Once more it’s the middle of the night, and I’m awake after only three hours of sleep with a body temperature of about 110 degrees. And even though I should try to go back to sleep, what I usually do instead, is first adjust the damn thermostat to make sure it’s as cold as possible, then watch television. My theory on that has been that if I’m not working—or staring at a computer screen with the blue light—then my brain won’t be as engaged, and I’ll have a better shot to get sleepy. But now, (damn you, science), they are saying the yellow-ish night mode on your computer could keep you awake too. Why the hell does life require so much research! So eff it, I’m back on the computer and writing a blog.
I stood at the grocery store today and examined every single label on the back of peanut butter—and other nut butters—trying to figure out which are the best and worst for you. I was even talking to Suri and fast-scanning articles on oils and other shit. And after about ten frustrating minutes and determining that I should just never eat anything ever again, I left with a selection of over-priced single-serving packets and a huge jar of Skippy for the kid. Yes, Jiff is temporarily off the shelves, which is why I went down this culinary wormhole to begin with.
I love peanut butter. It probably explains a lot about my health issues. Should I be totally honest? Will you shame me if I tell you the truth? (Insert big, brave inhale), I had a PB&J every day of my life for about 30 years. There. I said it. What? How is that possible. It’s my go-to. All seems right with the world and tum-tum after downing one of those bad boys. But incredible as this may sound, I’ve aged, and am reconsidering this choice, breaking down the components and trying to elevate the health quotient of each.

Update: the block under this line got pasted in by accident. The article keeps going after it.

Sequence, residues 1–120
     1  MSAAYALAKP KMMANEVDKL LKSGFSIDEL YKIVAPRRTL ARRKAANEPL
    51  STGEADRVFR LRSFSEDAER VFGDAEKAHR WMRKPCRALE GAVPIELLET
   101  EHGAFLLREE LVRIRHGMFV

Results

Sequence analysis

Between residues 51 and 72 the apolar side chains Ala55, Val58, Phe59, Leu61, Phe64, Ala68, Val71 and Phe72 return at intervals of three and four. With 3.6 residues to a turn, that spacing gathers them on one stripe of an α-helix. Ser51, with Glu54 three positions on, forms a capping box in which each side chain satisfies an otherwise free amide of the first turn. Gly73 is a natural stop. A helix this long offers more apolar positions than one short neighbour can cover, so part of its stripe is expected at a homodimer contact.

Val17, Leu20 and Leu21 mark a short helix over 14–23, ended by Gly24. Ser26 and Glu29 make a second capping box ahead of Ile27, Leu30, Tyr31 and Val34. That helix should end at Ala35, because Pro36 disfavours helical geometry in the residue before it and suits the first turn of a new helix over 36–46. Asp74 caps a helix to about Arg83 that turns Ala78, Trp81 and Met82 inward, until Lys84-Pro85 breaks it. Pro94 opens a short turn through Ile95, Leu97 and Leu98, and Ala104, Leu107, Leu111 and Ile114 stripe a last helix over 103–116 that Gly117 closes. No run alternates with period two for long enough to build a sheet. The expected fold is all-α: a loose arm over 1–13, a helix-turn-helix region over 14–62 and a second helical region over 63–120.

The bread. Screw you for that eye roll. Yes, I still eat bread, Tracey. But now, I hate myself with every single bite. Are you happy? When making a PB&J, I used to just use white bread. Grew up on it. Tastes damn good and I suppose it has a mental hold on me now too. Like nothing can compare. No other bread can compete in a way because it won’t be that first love, that warm bankie, that feeling of . . . if I’m eating a PBJ—how bad can things really be?
Back to bread. When whole wheat became a thing—I tried it, but kind of didn’t see the point. Then more science and actual facts somehow made their way past the marketing gate-keepers-of-all-the-crap-food-we eat, and into the mainstream where we started to learn more about food.
Whole grain is what you should be looking for—not whole wheat. What? Then flax appeared. Ok. Then carb counting. Sure. That’s when I got hooked on the 35 calories a slice Italian bread made of air and sugar. Wait, I need to be checking the sugar in the bread? That’s when I started eating more rye and sourdough. But the carbs were still there. Which turns into sugar?
Look, I don’t have it figured out. (isn’t it obvious?) And I’m not a freaking doctor (don’t you know that?), so don’t take my research and/or medical advice to heart (What’s wrong with you for making me say that?). But I’m trying. Kind of. Sometimes I eliminate the jam and go with honey. Yes, I need to do more research on the merits of that one. Gawd. Then I heard cinnamon was really good, so now to get my fix, I go with a piece of toast with peanut butter, honey, and cinnamon. Sometimes I use a flax wrap. And I got to say, it’s not bad. But there is still a lot of guilt with the P part.
Vegetable oil is apparently made for machinery and not the human body. God, I’m bored.
I’m going back to bed now to watch tv, encouraging my brain to just shut up and shut down. And while tucked back in, probably watching more of the original Dynasty, I’ll try not to think about how good a PB&P would be. No typo. P is for pickles. That sandwich is freaking awesome too. But best on white bread with Jiff.
Jiff . . . why are you so good.